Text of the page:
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CUNY School of Law graduating class of 2024, venue-less over past controversy

Evulaj90 | Wikimedia Commons

CUNY Law School is struggling to secure a venue for this year’s graduation due to controversy surrounding a student speaker who criticized Israel in last year’s commencement address. 

In a faculty meeting held a month ago, CUNY Dean of Law Sudha Setty disclosed that the originally planned commencement ceremony for this year at Hunter College had unexpectedly fallen through.  

“They [Hunter College] have a very complicated set of concerns about hosting our commencement. That’s the summary of it,” Setty said during the Jan. 24 meeting, according to a recording obtained by Gothamist

When questioned about providing additional details, Setty responded, “I might be able to do it elsewhere … we are in a very public setting.” She also expressed being “surprised” by Hunter’s decision. 

Setty was also asked by an audience member if the reason was related to the ongoing war in Gaza. “That has never been raised,” Setty replied. 

The law school may now have to consider renting a more expensive private venue.  

“Though there were some discussions, Hunter College and CUNY Law never finalized a plan to host this year’s commencement,” Hunter College spokesperson Vince DiMiceli said in an email to Gothamist

This year’s commencement will be held on May 23 with a graduating class of about 160 students.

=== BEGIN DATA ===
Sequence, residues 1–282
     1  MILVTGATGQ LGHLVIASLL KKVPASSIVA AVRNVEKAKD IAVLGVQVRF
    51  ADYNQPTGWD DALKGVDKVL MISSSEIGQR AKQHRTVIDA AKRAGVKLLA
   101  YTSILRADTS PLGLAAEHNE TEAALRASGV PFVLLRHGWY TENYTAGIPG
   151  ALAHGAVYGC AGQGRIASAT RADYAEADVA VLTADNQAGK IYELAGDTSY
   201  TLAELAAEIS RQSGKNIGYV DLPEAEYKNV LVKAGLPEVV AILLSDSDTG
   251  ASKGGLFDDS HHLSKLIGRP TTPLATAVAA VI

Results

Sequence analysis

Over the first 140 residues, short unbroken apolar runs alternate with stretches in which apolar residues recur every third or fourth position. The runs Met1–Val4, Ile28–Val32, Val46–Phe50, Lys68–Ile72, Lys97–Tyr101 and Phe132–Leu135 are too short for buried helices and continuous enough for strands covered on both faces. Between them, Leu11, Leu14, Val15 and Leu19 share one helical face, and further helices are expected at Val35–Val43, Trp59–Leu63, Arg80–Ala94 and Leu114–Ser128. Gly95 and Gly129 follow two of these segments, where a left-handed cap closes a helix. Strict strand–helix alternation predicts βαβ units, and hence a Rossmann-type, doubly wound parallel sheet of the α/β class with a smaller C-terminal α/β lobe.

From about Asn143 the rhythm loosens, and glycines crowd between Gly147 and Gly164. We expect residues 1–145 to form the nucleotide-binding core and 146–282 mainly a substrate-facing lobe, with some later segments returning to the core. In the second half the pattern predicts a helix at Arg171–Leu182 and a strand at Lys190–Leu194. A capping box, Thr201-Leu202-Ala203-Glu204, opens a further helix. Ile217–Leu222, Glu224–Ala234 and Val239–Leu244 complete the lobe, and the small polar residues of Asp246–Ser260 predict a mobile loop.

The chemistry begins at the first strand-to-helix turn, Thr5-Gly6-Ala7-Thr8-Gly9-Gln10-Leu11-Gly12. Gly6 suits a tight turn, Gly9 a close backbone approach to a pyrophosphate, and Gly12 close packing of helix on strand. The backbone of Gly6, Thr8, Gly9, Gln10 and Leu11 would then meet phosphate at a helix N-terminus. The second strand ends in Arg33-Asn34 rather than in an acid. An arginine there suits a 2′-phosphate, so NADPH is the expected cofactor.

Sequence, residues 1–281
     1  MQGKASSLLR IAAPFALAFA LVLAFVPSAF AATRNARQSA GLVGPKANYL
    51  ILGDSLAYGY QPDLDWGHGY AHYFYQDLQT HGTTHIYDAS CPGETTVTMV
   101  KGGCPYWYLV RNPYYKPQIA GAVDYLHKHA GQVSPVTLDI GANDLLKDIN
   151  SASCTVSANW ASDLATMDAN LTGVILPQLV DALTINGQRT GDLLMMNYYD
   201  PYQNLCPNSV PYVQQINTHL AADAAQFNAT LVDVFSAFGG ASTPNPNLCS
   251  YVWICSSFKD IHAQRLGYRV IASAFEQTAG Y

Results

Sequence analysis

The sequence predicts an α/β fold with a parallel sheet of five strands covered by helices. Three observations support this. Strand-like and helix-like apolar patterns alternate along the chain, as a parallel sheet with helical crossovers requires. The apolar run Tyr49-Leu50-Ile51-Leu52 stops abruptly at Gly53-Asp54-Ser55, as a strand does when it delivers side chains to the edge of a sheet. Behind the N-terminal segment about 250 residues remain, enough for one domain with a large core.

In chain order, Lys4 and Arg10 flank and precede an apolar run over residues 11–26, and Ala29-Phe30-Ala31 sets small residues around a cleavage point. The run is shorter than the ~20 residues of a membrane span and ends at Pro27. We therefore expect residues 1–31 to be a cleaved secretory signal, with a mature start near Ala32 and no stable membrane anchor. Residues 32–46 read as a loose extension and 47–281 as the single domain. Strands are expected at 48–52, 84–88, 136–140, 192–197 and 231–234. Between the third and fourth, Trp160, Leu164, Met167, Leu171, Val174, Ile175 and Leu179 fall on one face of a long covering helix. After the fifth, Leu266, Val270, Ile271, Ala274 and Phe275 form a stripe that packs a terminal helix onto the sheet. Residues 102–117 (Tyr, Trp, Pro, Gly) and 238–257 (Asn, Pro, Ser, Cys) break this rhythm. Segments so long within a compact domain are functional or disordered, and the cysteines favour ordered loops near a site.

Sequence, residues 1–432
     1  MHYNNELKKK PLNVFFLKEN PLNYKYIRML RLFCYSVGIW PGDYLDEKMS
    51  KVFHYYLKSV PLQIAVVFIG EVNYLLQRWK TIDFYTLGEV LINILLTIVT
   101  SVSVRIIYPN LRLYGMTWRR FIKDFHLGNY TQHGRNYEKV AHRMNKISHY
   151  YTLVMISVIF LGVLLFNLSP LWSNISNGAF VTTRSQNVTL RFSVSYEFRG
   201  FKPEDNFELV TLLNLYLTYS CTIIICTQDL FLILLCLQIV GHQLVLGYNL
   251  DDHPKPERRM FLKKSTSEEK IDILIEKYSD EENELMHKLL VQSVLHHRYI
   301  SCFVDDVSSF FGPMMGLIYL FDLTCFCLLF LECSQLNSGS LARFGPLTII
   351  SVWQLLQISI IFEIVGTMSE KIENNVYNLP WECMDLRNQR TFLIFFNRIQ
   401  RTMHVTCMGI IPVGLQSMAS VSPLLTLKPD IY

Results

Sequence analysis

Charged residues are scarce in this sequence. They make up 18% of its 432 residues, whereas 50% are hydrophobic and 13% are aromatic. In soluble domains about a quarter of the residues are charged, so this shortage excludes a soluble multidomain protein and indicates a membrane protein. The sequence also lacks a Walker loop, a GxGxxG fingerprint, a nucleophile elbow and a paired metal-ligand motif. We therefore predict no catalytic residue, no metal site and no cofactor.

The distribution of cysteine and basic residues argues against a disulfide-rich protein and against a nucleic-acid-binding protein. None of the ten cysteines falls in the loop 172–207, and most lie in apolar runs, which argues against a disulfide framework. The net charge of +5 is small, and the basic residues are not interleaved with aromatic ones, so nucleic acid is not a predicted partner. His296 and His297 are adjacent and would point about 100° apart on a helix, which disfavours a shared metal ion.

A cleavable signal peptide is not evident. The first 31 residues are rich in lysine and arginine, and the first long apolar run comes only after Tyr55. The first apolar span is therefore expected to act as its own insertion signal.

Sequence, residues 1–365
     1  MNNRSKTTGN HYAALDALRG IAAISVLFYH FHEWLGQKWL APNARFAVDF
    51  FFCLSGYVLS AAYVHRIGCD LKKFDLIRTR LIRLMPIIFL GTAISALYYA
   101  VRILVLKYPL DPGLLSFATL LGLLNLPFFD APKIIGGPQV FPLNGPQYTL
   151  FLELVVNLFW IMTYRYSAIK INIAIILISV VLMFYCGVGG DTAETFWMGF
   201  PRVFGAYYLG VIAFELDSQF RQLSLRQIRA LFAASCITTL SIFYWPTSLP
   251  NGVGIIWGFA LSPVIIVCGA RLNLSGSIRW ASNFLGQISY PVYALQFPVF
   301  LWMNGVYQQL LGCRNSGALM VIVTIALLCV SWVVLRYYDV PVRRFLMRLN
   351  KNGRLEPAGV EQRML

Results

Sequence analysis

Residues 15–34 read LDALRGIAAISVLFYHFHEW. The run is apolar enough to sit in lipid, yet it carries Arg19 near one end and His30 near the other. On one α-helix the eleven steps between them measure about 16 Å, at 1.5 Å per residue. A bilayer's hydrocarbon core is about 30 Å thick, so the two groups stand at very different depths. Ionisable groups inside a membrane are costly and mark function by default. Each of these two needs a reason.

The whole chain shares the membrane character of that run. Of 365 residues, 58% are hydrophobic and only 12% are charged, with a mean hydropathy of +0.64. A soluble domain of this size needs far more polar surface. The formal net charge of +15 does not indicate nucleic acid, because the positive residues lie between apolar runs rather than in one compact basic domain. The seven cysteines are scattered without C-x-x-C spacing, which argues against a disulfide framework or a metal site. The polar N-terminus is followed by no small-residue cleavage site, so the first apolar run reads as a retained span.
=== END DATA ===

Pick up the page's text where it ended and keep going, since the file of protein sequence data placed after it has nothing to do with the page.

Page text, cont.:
During the May 2023 commencement at Queens College, CUNY Law student Fatima Mousa Mohammed, chosen by the graduating class to deliver a speech, spoke about the treatment of Palestinians by the state of Israel. 

Her speech garnered the attention of different Israeli groups, politicians and multiple news outlets including Fox News.  

In a publicly released statement by CUNY’s board of Trustees and Chancellor Félix Matos Rodríguez, both parties condemned the speech and labeled it as “hate speech.” 

In the following September, CUNY Law School banned student speeches for the 2024 commencement, according to The New York Post. Student speeches are permitted for “pre-commencement events,” as the school is committed to ensuring a “welcoming” ceremony.  

The start of the Israel-Hamas war in October has since sparked both pro-Palestinian and pro-Israel demonstrations in multiple schools and universities across the country. 

Last month, demonstrators from both sides of the conflict organized separate protests at the Department of Education headquarters. Demonstrators said Chancellor David Banks’ response to the war was “lacking” and called for stronger action against antisemitism and discrimination in schools. 

In the weeks following the war, Gov. Kathy Hochul ordered a review of CUNY’s policies and procedures on antisemitism and discrimination.  

“As Governor, I reaffirm that there is zero tolerance in New York for antisemitism, Islamophobia or hate of any kind, and it’s critical we deploy every possible state resource to keep New Yorkers safe,” Hochul said.

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